* Ah, so Jack grows back bit by bit – an assortment of body parts in a bag can grow into a new Jack skellington. Shame, I was hoping the various chunks of him would make their way through the rubble to join together and slot into place. Having Jack wake up before his skin had grown back was pretty horrific, but not as horrific as the sight of his penis when he was fully recovered.
* Torchwood, the organisation, is now *completely* fucked. No silly SUV, no Hub, no money, and they’re being hunted down by their own government. It’s still weird that the guy in charge of killing them is Peter Capaldi. The Torchwood team as powerless fugitives is an interesting new dynamic; maybe things were a little too easy for them before, when they had a vast array of alien tech at their disposal.
* Also, Gwen’s up the duff. As good as it is overall to have Rhys along for the ride, his function at times is to tell his wife what she can and can’t do. Obviously he wants to protect her, especially given her condition, but the connotations of this tie in to the old cliché about women not being able to have it all. Although admittedly, most careers don’t involve chasing down aliens, or being chased down yourself by government bounty hunters.
* Possibly the most amusing and joyful sequence in Torchwood to date was Ianto turning up in a JCB to steal a big block of concrete, and then freeing Jack by throwing the fucker down a quarry.
* Did Jack’s daughter attract the attention of the police deliberately as some sort of gambit, or is she just a fucking idiot? The apple doesn’t fall far from the tree when it comes to springing traps, or indeed when it comes to a penchant for running around with a gun in a big blue coat.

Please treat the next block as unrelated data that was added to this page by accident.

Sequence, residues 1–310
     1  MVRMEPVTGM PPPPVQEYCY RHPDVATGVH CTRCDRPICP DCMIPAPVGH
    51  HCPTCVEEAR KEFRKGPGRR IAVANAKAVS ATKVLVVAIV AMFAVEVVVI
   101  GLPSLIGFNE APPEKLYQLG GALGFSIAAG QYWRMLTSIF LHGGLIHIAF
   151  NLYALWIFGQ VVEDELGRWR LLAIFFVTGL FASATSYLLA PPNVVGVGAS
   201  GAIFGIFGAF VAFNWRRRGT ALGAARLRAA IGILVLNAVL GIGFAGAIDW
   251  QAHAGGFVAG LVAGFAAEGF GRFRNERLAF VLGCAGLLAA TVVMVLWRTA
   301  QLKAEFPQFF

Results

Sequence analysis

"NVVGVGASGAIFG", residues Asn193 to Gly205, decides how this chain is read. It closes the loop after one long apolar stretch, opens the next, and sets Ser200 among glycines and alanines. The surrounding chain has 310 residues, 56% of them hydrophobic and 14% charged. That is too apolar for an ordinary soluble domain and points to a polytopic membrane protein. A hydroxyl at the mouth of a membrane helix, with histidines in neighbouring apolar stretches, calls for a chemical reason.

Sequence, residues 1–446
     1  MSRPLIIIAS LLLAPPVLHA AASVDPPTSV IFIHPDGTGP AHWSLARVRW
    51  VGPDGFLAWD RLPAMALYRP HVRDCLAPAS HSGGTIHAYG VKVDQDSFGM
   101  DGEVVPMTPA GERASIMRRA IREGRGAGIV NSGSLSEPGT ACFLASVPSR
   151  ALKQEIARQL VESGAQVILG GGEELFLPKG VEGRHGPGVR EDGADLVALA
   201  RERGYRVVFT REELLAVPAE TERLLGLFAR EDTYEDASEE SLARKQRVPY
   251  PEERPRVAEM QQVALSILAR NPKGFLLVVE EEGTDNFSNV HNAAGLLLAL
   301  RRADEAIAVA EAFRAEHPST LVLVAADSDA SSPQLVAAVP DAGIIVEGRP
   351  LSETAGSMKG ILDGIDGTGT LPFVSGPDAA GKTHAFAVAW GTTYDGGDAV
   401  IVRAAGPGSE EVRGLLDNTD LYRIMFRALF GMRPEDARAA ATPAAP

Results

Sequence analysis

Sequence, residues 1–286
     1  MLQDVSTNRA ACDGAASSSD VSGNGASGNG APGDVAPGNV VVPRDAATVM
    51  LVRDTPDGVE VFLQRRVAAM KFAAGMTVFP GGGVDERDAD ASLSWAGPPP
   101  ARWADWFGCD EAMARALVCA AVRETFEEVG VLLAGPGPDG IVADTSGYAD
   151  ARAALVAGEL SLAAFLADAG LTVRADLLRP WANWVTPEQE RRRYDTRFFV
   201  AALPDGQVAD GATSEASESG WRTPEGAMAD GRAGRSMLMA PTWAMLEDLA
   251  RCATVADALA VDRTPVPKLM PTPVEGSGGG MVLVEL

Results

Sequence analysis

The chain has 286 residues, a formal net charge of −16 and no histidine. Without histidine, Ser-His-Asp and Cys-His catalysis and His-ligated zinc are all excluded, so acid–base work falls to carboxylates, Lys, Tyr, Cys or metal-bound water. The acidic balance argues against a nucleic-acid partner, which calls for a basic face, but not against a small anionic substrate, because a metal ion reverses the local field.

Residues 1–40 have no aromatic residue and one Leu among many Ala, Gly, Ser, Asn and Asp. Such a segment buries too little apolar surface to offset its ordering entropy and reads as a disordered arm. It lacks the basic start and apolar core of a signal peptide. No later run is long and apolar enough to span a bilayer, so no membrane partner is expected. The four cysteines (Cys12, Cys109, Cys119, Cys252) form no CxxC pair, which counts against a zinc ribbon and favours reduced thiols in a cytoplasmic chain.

* The 456 are probably the first Torchwood alien to be actually scary. It’s because they’re so bloody *weird*; we can barely see them, so all we’ve got to go off is them making the occasional guttural noises and vomiting on the glass for seemingly no particular reason. It’s another example of the new format being beneficial; they can afford to take the time to eke the mystery out, and therefore it’s so much more effective than usual.
* Ah, Colin McFarlane has turned up! No matter how many Batman films he’s been in, he’ll always be the token black guy on The Fast Show to me. Did you know he’s also the voice of The Cube? Also, I’ve just remembered that he was in Doctor Who recently – with Capaldi, no less.
* Turns out the team do have one bit of advanced tech at their disposal – those contact lenses from when Martha turned up. But is there any bit of alien kit that Torchwood won’t use for sex?
* Every bit of Capaldi’s interactions with The 456 is utterly superb; it’s a great performance from him, unsurprisingly. But the highlight has to be the bit where they repeat his line back at him in a sarcastic voice. I feel like the first two series would have milked that moment, but here they have the restraint to just let it linger in silence for a few seconds, completely unmentioned, before moving on. It becomes another aspect to the unpredictable weirdness that makes them scary, rather than being played for mood-breaking laughs.